The following content is sourced from external partners. We cannot guarantee that it is suitable for the visually or hearing impaired.
Britain's Chancellor of the Exchequer Philip Hammond leaves 11 Downing Street in London, September 6, 2017. REUTERS/Toby Melville(reuters_tickers)
BUDAPEST (Reuters) - Britain is very close to reaching an agreement with the European Union on how to protect the rights of citizens after it leaves the bloc, British Chancellor Philip Hammond said on Thursday.
The rights of EU citizens in Britain is one of three issues the bloc wants to settle before it begins discussing the future relationship between Britain and the EU.
"We have made very good progress. We have a very high degree of alignment. Not yet completely concluded, but we are very close to having agreement on how we are going to protect each other's citizens who are in our countries," Hammond told a news conference in Budapest after meeting ministers of the Visegrad Group of eastern states.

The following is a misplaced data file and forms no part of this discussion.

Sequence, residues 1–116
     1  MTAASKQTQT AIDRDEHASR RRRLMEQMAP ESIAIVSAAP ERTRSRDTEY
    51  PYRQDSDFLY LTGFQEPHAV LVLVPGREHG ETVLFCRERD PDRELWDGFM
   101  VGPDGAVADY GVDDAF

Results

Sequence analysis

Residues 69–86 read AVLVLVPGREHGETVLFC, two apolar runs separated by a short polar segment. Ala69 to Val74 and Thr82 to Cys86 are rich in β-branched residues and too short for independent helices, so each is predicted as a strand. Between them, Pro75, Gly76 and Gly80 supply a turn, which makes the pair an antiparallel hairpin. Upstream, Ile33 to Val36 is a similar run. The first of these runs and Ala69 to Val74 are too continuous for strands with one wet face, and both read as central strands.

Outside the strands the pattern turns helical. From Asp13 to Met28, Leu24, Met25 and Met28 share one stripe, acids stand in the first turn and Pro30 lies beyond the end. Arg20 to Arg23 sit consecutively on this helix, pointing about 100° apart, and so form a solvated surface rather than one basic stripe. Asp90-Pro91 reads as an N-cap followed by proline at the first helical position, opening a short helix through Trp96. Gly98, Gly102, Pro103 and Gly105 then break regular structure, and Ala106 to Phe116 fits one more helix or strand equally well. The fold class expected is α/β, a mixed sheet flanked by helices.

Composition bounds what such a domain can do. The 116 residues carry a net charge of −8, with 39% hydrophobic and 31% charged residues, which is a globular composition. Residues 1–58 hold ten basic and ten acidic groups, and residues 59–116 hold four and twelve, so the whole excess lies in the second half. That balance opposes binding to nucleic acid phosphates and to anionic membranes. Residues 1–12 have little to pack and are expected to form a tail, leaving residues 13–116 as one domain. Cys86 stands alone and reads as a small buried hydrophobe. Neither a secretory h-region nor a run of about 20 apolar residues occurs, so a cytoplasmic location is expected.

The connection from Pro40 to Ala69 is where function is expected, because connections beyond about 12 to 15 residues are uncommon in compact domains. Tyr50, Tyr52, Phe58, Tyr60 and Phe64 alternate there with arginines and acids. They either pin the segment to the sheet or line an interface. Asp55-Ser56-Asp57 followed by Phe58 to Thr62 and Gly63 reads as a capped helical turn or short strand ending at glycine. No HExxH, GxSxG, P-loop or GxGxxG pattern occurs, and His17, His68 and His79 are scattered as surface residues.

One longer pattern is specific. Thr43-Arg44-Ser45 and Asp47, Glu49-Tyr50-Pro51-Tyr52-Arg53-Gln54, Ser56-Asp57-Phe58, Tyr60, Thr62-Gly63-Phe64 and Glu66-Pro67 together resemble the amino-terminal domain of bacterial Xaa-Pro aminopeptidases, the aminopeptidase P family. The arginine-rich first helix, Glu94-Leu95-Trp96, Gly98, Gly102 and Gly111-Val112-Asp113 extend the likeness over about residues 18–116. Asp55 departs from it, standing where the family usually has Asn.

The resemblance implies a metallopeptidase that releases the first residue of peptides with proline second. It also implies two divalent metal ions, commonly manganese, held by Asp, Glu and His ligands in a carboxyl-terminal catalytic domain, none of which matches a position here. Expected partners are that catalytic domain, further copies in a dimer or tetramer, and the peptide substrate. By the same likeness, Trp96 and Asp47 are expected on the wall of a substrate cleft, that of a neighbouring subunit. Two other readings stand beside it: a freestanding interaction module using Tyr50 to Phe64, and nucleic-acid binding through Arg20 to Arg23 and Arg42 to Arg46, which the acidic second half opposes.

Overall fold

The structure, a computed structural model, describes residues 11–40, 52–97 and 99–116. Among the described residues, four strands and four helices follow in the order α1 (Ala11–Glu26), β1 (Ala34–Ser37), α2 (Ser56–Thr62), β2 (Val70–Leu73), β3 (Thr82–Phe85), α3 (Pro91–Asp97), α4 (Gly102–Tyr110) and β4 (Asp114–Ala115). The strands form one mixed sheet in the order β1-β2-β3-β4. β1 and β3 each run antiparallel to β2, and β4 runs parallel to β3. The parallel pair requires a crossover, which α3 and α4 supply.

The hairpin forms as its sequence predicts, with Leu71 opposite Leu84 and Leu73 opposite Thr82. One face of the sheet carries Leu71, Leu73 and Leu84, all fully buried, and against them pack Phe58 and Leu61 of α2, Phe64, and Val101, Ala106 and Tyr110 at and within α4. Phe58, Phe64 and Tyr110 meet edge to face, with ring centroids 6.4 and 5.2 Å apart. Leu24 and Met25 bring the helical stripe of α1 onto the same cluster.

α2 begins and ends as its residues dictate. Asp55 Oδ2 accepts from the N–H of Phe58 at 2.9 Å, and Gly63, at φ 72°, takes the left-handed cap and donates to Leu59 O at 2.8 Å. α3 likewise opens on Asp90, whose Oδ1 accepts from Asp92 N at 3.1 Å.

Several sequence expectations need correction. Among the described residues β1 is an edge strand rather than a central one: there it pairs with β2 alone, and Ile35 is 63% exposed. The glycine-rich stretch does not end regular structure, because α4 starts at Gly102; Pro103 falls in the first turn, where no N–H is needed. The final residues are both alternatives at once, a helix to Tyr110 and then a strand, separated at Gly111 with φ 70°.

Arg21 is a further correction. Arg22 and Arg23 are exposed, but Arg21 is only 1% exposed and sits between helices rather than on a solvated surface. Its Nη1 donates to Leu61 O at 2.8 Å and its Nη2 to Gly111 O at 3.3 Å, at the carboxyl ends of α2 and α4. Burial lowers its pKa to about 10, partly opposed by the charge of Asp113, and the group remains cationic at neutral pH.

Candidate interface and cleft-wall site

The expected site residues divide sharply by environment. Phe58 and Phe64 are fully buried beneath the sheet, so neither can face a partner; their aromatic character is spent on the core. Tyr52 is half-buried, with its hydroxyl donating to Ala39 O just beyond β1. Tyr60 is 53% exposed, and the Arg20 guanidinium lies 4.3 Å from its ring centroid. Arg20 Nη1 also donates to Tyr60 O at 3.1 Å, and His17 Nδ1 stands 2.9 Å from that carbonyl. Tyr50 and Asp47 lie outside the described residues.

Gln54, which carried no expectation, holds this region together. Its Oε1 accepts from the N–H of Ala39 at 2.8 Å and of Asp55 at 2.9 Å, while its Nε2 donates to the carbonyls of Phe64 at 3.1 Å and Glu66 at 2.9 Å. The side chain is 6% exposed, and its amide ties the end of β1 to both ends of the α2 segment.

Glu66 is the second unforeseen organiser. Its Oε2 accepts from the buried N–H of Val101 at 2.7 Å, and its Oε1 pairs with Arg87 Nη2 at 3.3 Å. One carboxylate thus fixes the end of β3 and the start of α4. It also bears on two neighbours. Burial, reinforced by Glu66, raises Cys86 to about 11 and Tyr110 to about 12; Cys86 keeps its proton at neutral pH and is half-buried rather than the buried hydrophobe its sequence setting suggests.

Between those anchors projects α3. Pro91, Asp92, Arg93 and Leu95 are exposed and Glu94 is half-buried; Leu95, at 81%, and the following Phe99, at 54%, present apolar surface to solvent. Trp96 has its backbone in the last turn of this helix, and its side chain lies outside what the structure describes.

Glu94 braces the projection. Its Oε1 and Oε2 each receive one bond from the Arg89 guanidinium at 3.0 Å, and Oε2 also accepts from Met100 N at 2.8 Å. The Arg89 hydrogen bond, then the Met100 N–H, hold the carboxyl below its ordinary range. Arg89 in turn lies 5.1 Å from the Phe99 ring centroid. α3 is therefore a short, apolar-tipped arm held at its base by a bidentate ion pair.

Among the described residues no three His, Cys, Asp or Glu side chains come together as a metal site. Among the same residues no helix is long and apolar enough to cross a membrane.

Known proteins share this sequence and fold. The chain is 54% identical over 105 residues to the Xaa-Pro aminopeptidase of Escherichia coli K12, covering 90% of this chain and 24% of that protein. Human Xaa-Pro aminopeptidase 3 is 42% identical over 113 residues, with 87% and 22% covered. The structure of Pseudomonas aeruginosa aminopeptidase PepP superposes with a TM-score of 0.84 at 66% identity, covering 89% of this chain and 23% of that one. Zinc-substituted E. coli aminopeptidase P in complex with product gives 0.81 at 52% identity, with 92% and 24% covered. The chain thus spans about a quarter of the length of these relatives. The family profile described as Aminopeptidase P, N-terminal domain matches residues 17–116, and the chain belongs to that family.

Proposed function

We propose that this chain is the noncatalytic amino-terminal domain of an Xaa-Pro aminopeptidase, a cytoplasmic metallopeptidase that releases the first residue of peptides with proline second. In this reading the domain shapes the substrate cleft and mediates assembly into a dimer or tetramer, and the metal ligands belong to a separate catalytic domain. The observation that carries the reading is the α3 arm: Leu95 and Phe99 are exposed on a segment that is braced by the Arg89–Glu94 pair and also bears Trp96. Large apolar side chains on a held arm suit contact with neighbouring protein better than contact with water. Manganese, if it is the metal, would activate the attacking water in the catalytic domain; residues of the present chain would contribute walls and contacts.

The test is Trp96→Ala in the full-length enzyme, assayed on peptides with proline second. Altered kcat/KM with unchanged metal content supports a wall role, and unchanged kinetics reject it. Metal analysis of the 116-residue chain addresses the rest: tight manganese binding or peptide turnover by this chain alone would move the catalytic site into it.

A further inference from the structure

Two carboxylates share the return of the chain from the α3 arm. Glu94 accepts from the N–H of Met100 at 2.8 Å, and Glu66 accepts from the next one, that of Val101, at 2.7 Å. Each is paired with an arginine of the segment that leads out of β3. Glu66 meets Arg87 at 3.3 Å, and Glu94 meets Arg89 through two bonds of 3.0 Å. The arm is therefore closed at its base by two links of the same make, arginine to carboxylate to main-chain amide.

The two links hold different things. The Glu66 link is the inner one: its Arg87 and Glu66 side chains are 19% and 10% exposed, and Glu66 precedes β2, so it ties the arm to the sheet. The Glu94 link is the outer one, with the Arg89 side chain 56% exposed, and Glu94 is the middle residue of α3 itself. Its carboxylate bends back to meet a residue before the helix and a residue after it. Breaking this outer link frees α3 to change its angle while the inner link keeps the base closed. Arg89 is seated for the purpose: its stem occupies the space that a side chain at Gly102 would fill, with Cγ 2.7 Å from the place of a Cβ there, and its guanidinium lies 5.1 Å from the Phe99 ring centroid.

"Our desire and intention is that people who have come to the UK to work and make their lives in the UK should be able to continue to live there, carry on their lives exactly as before. That is our clear and stated intention," he said.
Hammond added however that British nationals who have moved to EU countries should be allowed to do the same.
"From a reciprocal basis the objective is to make everything look exactly as it did the day before we left the EU," he said.
Hammond also said talks about Britain's departure from the EU should result in an exit roadmap.
"We want to give businesses on both sides of English Channel and both sides of the Irish border the confidence that they will not face a cliff edge when we leave the EU," he said.
"That is why we are proposing a time-limited transition period so that we can provide that certainty that our borders will continue to operate smoothly and that our businesses can continue to supply their customers and our citizens carry on with their day to day lives across continental Europe."
(Reporting by Gergely Szakacs; Editing by Angus MacSwan)